Communications on communications bus 124 generally use a well known communications standard, such as SAE J1939 or SAE J1587, defined by the Society of Automotive Engineers (SAE). In some embodiments the user has the option of determining which of several standards, possibly including SAE J1939 and SAE J1587, should be used. It should be understood that other communications standards known in the art may also be used in the present invention.
Connection 114 may be accomplished via a physical connector such as a cable, or by way of radio frequencies or other wireless mechanisms that are well known in the art.
Vehicle 116 in certain embodiments is a car or a truck. However, vehicle 116 could be any other kind of vehicle, including an aircraft, a train, a bus, or a boat, without departing from the scope and spirit of the present invention. Further, communications bus 124 could be located in a kind of equipment other than a vehicle.
Step 204 represents selecting an option to view fault codes generated by various components in vehicle 116. Vehicle fault codes according to communications standards such as those discussed above are well known in the art. In some embodiments, vehicle fault codes are presented to the user 122 by default when user interface 120 is first displayed, as shown in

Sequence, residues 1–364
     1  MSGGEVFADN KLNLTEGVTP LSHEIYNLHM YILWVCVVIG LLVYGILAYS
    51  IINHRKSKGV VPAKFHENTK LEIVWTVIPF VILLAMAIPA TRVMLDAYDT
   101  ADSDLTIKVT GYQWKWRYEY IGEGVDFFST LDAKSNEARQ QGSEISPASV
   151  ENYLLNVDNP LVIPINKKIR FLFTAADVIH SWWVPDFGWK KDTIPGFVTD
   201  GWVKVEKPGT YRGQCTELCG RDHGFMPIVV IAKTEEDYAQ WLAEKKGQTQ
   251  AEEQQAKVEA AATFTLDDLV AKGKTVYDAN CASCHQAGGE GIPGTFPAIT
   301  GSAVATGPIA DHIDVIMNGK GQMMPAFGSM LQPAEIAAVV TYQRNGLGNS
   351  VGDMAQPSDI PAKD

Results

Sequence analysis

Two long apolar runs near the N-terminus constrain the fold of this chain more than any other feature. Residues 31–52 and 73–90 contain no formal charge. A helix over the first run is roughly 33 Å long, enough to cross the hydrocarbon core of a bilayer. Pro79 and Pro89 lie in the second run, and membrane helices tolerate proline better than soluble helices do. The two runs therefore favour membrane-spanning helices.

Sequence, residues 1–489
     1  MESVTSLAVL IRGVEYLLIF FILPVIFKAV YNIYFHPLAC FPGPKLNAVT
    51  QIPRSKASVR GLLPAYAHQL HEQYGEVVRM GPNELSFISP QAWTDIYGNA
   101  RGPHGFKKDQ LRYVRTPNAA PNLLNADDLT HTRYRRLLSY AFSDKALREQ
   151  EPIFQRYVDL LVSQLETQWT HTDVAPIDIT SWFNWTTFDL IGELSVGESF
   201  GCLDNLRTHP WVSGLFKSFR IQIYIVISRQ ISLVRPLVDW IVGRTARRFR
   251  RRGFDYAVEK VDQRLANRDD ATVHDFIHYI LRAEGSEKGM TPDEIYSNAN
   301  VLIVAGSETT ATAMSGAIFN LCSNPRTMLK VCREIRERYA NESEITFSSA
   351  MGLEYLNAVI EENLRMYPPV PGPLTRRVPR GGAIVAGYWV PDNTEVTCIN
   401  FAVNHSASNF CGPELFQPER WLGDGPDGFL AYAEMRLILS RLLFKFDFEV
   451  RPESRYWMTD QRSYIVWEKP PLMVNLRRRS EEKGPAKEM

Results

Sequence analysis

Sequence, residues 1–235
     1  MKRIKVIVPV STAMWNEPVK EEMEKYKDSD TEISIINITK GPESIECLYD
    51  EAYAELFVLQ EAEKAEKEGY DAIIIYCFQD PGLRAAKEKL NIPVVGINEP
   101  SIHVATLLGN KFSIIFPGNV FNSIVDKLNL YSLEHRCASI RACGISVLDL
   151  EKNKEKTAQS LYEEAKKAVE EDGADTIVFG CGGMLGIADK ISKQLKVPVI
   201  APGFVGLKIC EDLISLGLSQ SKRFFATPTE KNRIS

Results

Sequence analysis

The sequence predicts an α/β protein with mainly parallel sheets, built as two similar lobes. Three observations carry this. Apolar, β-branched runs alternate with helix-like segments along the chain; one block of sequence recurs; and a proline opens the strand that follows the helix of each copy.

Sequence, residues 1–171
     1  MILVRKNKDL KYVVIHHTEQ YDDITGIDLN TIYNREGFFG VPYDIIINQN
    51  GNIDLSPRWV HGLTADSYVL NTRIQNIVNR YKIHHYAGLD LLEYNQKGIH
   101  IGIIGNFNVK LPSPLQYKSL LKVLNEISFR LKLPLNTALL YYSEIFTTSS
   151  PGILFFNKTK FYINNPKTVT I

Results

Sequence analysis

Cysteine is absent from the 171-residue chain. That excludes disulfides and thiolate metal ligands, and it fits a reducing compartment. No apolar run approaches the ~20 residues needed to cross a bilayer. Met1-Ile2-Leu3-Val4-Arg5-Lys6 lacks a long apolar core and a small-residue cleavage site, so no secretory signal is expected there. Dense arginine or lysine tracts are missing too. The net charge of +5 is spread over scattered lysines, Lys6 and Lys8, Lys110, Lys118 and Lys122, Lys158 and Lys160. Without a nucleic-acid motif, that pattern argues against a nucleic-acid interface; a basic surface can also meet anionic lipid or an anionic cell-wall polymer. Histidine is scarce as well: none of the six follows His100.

Step 206 represents selecting an option to view data monitored from vehicle 116.
Step 208 represents selecting an option to view reports based on data from vehicle 116. Such reports will be understood by those skilled in the art, and may include any data available from communications bus 124. To offer just two examples from many, one available report might show a list of fault codes received regarding one or more components in vehicle 116 along with an explanation of each fault code. Another report might show statistics relating to various states in a component in vehicle 116 and the times at which each statistic was recorded, e.g., engine temperature over time.
Step 210 represents selecting an option to view a list of diagnostic applications 126, such as OEM applications, which a user 122 can launch.
In step 211 the process determines whether input has been received from user 122 requesting that the process close. Means for receiving such input and determining whether or not it has been received are well known to those skilled in the art. If input has been received from user 122 requesting that the process close, the process ends. Otherwise, control returns to step 202.
In step 212, available diagnostic applications 126 are presented in user interface 120. In one embodiment, user interface 120 appears in step 212 as is shown in